While the Loire, and in particular the vignerons of Vouvray, are questioning whether they should follow the example of Alsace by indicating the residual sugar on the back label of their Chenin Blanc, South Africa is putting the arrow in the lead. And overtakes. The latest gimmick of the Chenin Blanc Association (Cba) is in fact the Chenin ‘style indicator‘ (‘Fresh’, ‘Fruity’ or ‘Rich’) that will appear on the bottles of the 2022 vintage.
Guiding consumers towards a more conscious choice, and above all closer to their own taste, will be a double icon. It will be affixed to bottles of Chenin Blanc, on the front and on the back. The “Show-and-tell taste icon” will leave no room for doubt: «What you see is what you buy», reads the initiative’s claim.
An arrow, positioned on the value scale from ‘Fresh’ to ‘Fruity’ to ‘Rich’, will explain the style of each Chenin Blanc on the shelf, even before you open the bottle and taste it.
The Chenin Blanc Association describes it, in no uncertain terms, as «a new trump card». «Part of the appeal of Chenin is its versatility», explains Ken Forrester, one of the main architects behind the creation of the Cba and the worldwide reputation of South African Chenin.
«You can get absolutely delicious Chenin Blancs in South Africa, from dry to finely sweet; from pure and fresh to layered and complex. The not so good news is that Chenin can sometimes confuse buyers. How can they know what taste characteristics to expect from the bottle they pick up off the shelf?».
THE ‘SHOW-AND-TELL TASTE ICON’ FOR CHOOSING CHENIN BLANC
«To simplify the selection – Ken Forrester continues – we created a linear scale icon. It starts with ‘Fresh’ at one end and ‘Rich’ at the other, with ‘Fruity’ placed right in the middle. An arrow indicates the position of the wine along the line, from a taste point of view. It does not reflect the chemical composition of the wine. It serves to predict, quickly and comprehensibly, what can be expected from a stylistic point of view».
The style indicator, developed in collaboration with the South African Wine & Grape Research Institute at Stellenbosch University, has been approved by the South African Wine Industry and Systems (Sawis), the body responsible for South African wine appellations of origin and their labelling.
The new icon has been trialled by several large and small artisanal producers. Some have gone even further, linking it to a QR code to offer consumers the possibility of obtaining additional information about the aromas and flavours of South African Chenin blanc.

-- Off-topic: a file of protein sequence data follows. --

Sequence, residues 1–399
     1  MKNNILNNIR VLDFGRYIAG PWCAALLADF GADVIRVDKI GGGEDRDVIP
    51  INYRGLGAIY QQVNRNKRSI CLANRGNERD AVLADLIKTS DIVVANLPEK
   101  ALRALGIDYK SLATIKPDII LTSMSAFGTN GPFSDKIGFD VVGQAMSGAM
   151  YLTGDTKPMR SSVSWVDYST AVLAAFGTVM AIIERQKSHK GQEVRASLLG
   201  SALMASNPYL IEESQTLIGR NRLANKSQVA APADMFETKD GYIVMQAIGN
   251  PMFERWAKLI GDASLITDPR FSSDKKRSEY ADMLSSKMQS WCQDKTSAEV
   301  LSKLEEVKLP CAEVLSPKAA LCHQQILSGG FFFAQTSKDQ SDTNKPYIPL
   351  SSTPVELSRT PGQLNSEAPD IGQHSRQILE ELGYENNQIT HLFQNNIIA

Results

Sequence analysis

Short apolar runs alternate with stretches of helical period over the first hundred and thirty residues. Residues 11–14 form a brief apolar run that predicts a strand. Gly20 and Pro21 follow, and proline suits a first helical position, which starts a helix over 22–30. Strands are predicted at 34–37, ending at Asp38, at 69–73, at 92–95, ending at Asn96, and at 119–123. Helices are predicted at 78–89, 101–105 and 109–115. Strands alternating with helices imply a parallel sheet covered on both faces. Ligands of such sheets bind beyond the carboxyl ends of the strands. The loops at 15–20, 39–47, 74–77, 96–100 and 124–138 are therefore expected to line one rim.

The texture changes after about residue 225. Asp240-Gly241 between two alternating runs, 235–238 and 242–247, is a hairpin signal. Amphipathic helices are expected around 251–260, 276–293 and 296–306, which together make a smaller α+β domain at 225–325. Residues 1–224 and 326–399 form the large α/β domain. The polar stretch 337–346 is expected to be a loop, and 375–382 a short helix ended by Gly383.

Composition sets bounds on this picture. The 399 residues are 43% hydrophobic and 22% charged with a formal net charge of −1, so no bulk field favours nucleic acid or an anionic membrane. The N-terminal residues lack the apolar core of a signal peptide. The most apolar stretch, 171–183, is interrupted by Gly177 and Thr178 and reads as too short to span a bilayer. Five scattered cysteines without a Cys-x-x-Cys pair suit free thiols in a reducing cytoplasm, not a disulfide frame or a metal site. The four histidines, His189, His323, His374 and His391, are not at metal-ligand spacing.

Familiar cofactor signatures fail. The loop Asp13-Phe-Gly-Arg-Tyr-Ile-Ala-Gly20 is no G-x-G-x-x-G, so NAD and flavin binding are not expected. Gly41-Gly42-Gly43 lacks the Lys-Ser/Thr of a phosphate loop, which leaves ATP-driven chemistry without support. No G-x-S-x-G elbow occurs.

«We hope that eventually all members of the Chenin Blanc Association will adopt it,’ comments Forrester, in an effort to make shopping even easier. Not all labels will have QR codes. But producers who choose this route will be able to lead consumers to more in-depth descriptors that align with the Chenin Blanc aroma wheel».
THE CHENIN BLANC AROMA WHEEL
The sensory descriptors on a linear scale, from ‘Fresh’ to ‘Fresh/Fruity’, ‘Fruity’, ‘Fruity/Rich’ and ‘Rich’, are taken from the ‘Wheel’ devised in 2007 by the CBA, together with the University of Stellenbosch and various industry players.
According to Forrester, wines that are on the ‘Fresh’ side of the scale are fresh and savoury. Those at or near the ‘Fruity’ point will show fruit and spice characters. Those at or near the ‘Rich’ end of the spectrum will likely show some traces of wood ageing and notes of cooked or dried fruit, with memories of butter and vanilla.
«Efforts to build the prestige profile of South Africa’s Chenin Blanc nationally are already paying off,” Ken Forrester points out, “with wines priced between R100 and R120 per bottle (€5.95 to €7.10, ed) expected to grow by 96% in volume between 2020 and 2021».
Meanwhile, Chenin retailed between R90 and R100 (€5.30 to €5.95) increased by 87%. Those in the range between R70 and R80 (€4.15 to €4.70) by 49% over the same period. «Overall – Forrester concludes – there has been good growth in value, but we are particularly pleased with the growing interest in wines priced above R70».